When the constitutionality of an act of the legislature is drawn in question * * * the party asserting the unconstitutionality of the act shall notify the attorney general thereof within such time as to afford the attorney general an opportunity to intervene.

Minn.R.Civ.P. 24.04; see also Minn.R.Civ. App.P. 144 (requiring similar notice to attorney general on appeal). The Minnesota Supreme Court has held, "In absence of compliance, we will not consider the constitutionality of a statute." In Re Appeal of Leary, 272 Minn. 34, 47, 136 N.W.2d 552, 560 (1965). Accordingly, we will not address respondents' constitutional challenge in this appeal.[2]


A child is barred from bringing a separate suit for support where alleged father has paid lump-sum settlement and child's interests were adequately represented in the settlement negotiations under Minn. Stat. § 257.28 (1978) (repealed 1980).



[*] Retired judge of the district court, acting as judge of the Court of Appeals by appointment pursuant to Minn. Const. art. VI, § 2.

[1] At the time of the 1979 action, section 257.33 provided:

It shall be the duty of the commissioner of public welfare when notified of a woman who is delivered of an illegitimate child * * * to take care that the interests of the child are safeguarded, that appropriate steps are taken to establish paternity, and that there is secured for him the nearest possible approximation to the care, support, and education that he would be entitled to if born of lawful marriage. For the better accomplishment of these purposes the commissioner of public welfare may initiate such legal or other action as is deemed necessary; may make such provision for the care, maintenance, and education of the child as the best interests of the child may from time to time require, and may offer his aid and protection in such ways as are found wise and expedient to the unmarried woman approaching motherhood.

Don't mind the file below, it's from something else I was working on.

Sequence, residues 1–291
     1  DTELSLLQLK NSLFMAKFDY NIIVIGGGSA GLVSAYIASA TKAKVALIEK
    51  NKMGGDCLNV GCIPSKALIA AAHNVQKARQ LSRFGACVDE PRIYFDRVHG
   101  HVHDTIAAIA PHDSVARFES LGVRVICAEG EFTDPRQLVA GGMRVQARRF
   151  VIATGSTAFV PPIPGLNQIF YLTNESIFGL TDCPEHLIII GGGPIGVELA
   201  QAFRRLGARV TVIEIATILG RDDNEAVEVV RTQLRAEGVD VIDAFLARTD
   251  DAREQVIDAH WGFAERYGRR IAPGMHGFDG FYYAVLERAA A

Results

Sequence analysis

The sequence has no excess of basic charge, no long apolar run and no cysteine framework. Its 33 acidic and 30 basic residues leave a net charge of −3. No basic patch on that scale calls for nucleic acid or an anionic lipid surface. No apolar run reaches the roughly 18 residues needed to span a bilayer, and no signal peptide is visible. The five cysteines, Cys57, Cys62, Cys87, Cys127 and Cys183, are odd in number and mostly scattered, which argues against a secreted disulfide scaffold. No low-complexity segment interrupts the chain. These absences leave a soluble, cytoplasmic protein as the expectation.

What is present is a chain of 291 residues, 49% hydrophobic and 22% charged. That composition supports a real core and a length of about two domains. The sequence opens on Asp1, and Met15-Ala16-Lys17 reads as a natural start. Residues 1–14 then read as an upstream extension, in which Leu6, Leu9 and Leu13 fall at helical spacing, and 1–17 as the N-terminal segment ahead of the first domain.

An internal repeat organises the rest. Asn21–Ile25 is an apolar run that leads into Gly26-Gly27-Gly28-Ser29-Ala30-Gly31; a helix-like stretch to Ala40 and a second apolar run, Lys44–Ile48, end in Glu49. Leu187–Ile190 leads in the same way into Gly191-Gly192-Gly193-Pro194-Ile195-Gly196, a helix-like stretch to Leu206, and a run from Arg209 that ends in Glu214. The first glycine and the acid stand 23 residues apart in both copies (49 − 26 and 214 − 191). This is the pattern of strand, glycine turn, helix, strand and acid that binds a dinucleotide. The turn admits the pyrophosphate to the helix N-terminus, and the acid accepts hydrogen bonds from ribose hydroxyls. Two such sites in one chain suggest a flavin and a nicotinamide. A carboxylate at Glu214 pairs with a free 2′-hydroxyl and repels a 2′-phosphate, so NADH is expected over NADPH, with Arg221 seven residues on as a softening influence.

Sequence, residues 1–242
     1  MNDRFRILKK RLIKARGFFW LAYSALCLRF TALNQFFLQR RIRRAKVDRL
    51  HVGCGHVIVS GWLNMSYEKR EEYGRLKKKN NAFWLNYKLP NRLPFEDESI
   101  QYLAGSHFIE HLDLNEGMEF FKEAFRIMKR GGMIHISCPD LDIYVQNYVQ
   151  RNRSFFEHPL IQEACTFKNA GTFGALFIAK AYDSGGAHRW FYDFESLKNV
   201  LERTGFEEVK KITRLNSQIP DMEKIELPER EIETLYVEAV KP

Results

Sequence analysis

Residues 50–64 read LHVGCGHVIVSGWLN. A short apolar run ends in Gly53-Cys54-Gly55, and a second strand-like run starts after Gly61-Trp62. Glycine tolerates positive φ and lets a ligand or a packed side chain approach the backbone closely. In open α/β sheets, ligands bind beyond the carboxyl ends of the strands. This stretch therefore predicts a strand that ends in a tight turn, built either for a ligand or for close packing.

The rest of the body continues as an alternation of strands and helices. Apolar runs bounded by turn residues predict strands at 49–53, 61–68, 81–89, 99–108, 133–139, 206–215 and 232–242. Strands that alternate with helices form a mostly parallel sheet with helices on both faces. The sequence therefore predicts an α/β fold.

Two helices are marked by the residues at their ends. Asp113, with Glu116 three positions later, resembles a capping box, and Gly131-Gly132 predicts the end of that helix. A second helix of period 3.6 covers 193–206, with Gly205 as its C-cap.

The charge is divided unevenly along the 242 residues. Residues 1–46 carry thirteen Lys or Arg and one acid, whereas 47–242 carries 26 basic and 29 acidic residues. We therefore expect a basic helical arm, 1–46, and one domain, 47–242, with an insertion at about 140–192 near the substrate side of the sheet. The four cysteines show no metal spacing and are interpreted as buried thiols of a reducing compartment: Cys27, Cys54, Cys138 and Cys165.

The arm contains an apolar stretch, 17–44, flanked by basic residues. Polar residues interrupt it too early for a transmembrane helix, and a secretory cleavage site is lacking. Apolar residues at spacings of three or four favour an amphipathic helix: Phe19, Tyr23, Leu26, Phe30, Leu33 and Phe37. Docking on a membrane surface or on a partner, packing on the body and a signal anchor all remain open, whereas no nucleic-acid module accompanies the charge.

Minn.Stat. § 257.33 (1978) (emphasis added) (modified 1980 Minn. Laws ch. 589, § 31).

[2] We note without comment that the Wisconsin Court of Appeals held that a statute which prevents modification of support only for illegitimate children "fails to bear an evident and substantial relation to its state interest." In re B.W.S., 125 Wis.2d 212, 371 N.W.2d 379, 381 (App.1985) (declining to give full faith and credit to Michigan support judgment based on unconstitutionality of Michigan paternity statute), aff'd sub. nom. In re Paternity of B.W.S., 131 Wis.2d 301, 388 N.W.2d 615 (1986).